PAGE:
With Columbia Pictures recently announcing plans to expand the Spiderman universe with Venom and Sinister Six spinoffs, it’s become increasingly clear that the new films aim to be big blockbuster cash grabs. The second film in Spidey’s reboot certainly lives under that header, bringing fantastic visuals and digital effects to showcase its onslaught of action.
The cinematography is more of what was seen in the previous film – quick, stylish shots, dizzying pans, and a lot of eye-catching slow-mo to showcase Spider-Man’s more intricate movements in battle. This is Spider-Man at his best, and the fight scenes are pure summer spectacles. Although I’m not a fan of 3-D films, I gave it a chance and found that it really enhanced the picture; unlike a lot of other films, I rarely caught myself self-aware of the format.
Unfortunately, the film’s script follows the same formula as its cinematography; it attempts to juggle three or four different storylines, and although it certainly does so with more care than Spider-Man 3, it still comes across as unfocused and uneven. Peter (Andrew Garfield) and Gwen (Emma Stone) have great chemistry together, but in moments of turmoil, the acting takes a turn for the worse and ends up being comically over-dramatic. On the other end of the spectrum, we don’t see nearly enough of Harry to justify such a large role in this film; the backstory and appearances of Harry and Norman Osbourne are suspect at best, and the relationship between Peter and Harry is shaky and rushed. Had they introduced Harry in the first film, his appearance here would have been much less superficial.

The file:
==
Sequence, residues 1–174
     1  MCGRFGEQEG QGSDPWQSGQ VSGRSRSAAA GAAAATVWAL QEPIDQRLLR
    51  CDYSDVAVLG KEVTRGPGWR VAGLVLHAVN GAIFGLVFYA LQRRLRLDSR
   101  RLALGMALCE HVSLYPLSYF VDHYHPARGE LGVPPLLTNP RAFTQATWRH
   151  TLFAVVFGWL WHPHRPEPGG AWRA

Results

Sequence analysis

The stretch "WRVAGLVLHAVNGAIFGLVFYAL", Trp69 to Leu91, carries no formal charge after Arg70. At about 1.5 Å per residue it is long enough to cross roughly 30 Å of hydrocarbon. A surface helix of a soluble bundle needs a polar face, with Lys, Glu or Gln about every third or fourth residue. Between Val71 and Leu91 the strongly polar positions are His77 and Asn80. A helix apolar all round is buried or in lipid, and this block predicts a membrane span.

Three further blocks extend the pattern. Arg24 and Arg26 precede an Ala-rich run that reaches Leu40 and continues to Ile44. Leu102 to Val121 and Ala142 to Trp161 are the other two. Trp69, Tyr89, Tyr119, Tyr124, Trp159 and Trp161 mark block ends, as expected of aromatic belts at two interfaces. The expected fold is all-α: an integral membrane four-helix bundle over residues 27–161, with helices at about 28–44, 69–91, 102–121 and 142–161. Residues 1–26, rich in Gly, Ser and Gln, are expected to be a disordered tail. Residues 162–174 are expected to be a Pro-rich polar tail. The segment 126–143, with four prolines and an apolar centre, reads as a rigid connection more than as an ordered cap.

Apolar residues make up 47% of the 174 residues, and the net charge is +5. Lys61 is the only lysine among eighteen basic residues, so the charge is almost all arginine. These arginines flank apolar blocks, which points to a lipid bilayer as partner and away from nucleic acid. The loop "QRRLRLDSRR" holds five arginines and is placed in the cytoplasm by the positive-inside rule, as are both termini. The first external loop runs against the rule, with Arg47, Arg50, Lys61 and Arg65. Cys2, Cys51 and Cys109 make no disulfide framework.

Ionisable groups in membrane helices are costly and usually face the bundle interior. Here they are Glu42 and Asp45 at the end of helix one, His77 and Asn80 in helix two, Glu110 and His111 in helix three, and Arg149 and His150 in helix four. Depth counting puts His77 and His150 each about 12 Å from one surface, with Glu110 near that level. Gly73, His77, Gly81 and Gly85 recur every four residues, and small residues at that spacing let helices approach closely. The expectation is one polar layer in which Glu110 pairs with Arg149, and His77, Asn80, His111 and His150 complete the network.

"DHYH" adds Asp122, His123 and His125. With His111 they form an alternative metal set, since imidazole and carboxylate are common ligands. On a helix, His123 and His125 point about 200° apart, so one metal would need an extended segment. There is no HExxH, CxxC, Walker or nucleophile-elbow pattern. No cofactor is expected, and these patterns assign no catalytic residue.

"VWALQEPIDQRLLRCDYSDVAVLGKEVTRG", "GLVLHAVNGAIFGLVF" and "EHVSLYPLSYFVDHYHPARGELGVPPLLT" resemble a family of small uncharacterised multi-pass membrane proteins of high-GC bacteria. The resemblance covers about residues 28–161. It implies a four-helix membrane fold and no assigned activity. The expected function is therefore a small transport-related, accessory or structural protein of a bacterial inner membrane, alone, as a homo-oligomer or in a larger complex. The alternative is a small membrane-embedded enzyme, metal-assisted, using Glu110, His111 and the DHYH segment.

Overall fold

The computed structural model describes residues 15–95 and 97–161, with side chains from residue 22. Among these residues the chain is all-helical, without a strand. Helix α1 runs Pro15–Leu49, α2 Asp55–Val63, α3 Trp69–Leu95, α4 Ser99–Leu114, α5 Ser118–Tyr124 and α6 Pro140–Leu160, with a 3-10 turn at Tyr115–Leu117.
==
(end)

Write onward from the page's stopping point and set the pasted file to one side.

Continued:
And what’s up with his hair, anyways?
The only storyline that I can comfortably back is Electro’s. Jamie Foxx plays an entertaining Max and gives the first 30 minutes some life in between the mushy-gushy of Peter’s relationship with Gwen. As Electro, he looks fantastic, and the effects are pretty eye-catching. What really stands out during Electro’s scenes, however, is Han Zimmer’s soundtrack. The soundtrack is heavy on the electronic/dub sound and gives off a really intense, modern vibe. The action on screen intertwines with the beats and drops of the soundtrack, making Electro’s presence truly unique and memorable. Yes, the logic behind Electro’s resentment of Spider-Man isn’t exactly fool-proof, but his action scenes stick out in my mind as the best parts of this film.
Overall, The Amazing Spider-Man 2 is a great, action-packed blockbuster with beautiful visuals and a clean, modern soundtrack. Unfortunately, the plot suffers from being too jam-packed with material, and it is pretty obvious that the writers were forced to rush some of the storylines to plant the seeds for future sequels. As a Spidey fan, I look forward to the next few movies – with great hopes for the action, and little hope for the plot.